Today I want to do an update on the area we call the kitchen garden. We call it that because it’s close to the house and with easy access to the kitchen. It’s also where the greenhouse is located. The beds around the greenhouse itself give us about 200 sq.ft. of growing space, and about half of that is protected by cold frames. The rest of the beds are not protected and I either have to grow things the critters won’t eat, or else cover it with netting.
Two of the unprotected beds are planted in onions, shallots and radishes. The shallots and multiplier onions were set out last fall, and the other onions (from Dixondale Farms) were planted about a month ago. I was happy to see that all the overwintered shallots and onions survived just fine, as did the green garlic which I have already harvested. The radishes are just now coming up, and I have begun thinning them. That’s Alpine Gold coming up in the below photo, a Korean daikon radish.
The first of the four cold frame beds has a mix of overwintered lettuce and new plantings of kale and mizuna. The kale is Prizm, a hybrid curly type that I grew last year and a 2016 AAS Winner. For the mizuna I have the red leaf Miz America and the green leaf mizuna/tatsoi cross called Mizspoona.
I got the Miz America plants from Robin’s Nest Flowers, my favorite local nursery. My wife and I went there to pick up a few perennials for the shade garden, and Robin pointed out the mizuna and had me taste a leaf. I was hooked, and brought a 4-pak of it home to grow. Some growers list this one as a mustard, but then the lines are pretty blurred with many of these greens.
Some of the overwintered lettuce is heading up and almost ready for harvest. I have two plants of Wonder of Stuttgart, a butterhead type. I got the seed from Wild Garden Seeds, and it promises to be a good candidate for late fall and early spring plantings here. To the right of it in the below photo are a couple of Winter Marvel plants I harvested earlier that are re-sprouting and sending up new leaves.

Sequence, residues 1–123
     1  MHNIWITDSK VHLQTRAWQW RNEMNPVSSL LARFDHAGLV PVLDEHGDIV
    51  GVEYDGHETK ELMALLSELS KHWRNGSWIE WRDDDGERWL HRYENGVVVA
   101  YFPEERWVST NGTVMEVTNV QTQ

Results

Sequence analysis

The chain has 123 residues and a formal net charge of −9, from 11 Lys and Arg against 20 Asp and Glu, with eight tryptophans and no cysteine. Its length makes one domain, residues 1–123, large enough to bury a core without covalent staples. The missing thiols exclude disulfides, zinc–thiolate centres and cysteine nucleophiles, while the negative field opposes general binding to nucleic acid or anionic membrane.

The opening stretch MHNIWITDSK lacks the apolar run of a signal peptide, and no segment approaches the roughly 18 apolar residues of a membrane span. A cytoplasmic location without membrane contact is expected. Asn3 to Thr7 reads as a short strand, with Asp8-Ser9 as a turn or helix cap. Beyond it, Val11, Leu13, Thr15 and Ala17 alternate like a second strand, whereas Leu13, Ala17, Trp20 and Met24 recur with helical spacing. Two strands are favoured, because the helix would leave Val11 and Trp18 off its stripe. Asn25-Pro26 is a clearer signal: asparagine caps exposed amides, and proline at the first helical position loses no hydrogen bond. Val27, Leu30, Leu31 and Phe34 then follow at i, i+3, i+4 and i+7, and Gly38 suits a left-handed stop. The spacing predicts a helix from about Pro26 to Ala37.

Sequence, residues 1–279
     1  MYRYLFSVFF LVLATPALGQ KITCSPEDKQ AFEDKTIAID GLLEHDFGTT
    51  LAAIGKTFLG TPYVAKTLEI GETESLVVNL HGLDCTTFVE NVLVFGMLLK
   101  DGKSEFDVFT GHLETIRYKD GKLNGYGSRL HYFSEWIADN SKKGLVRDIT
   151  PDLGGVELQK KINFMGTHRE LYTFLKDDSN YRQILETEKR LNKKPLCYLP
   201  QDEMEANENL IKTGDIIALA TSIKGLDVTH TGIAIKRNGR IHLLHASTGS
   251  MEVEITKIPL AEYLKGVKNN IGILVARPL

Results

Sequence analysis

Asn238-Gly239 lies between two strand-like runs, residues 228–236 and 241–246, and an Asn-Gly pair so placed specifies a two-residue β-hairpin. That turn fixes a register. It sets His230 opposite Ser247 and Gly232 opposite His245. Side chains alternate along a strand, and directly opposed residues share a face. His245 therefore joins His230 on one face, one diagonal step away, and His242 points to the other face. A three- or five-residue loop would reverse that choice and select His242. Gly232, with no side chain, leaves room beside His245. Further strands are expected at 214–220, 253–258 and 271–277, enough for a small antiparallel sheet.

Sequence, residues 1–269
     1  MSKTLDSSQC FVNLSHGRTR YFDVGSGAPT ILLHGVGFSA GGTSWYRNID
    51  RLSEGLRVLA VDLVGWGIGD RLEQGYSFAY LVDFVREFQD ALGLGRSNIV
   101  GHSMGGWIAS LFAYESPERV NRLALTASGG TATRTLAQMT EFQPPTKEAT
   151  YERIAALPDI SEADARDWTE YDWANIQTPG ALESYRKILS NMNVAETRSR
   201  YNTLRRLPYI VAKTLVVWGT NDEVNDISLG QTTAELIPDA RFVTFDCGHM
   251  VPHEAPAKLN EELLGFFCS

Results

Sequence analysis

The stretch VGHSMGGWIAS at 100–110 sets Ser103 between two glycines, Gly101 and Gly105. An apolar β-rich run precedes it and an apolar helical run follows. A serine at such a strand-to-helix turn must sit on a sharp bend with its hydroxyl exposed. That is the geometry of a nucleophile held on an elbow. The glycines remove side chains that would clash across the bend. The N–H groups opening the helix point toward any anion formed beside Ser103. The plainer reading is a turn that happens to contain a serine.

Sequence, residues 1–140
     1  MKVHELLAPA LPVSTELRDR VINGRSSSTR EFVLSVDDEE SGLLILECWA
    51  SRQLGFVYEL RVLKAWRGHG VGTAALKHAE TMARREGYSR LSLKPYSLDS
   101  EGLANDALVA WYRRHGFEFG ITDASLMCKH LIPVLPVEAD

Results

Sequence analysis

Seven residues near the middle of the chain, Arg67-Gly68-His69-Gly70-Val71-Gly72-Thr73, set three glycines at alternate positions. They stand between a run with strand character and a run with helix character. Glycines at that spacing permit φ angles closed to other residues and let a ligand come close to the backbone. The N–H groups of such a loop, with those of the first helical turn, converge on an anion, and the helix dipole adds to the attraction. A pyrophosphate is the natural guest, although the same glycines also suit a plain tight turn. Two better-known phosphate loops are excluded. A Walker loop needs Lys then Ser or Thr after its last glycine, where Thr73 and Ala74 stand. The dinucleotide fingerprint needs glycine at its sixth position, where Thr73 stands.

The second cold frame bed is planted in kohlrabi. I have two varieties planted there, the green skin Konan and the purple Kolibri. Konan is another 2016 AAS Winner, and it did quite well for me last year.
The Konan is a bit earlier than the Kolibri, and some of the stems are already starting to swell up. I planted the kohlrabi fairly densely in this bed, and squeezed in about 30 plants.
Cold frame bed #3 is planted in lettuce. I set out the plants almost four weeks ago, and they are starting to size up nicely. It’s a mix of varities, colors and shapes in there, including Three Hearts and Garden Babies butterhead. Loose leaf types include Red Sails, Simpson Elite and Elf Ears plus I have the romaine types Outstanding, Jester and Pele. I see the leaves of a curly dock plant in the back that I need to dig up!
Cold frame bed #4 is also planted in lettuce. I have a lot of lettuce growing now, and my hope is that I staggered the plantings enough that it doesn’t come ready all at once. This bed was planted just last week, and the varieties in there include Australian Yellow, Black Seeded Simpson, Red Sails, 21st Century Fire, Tall Oaks, Pele and Wonder of Stuttgart. There’s also a few plants of the non-heading Chinese cabbage Tokyo Bekana in there.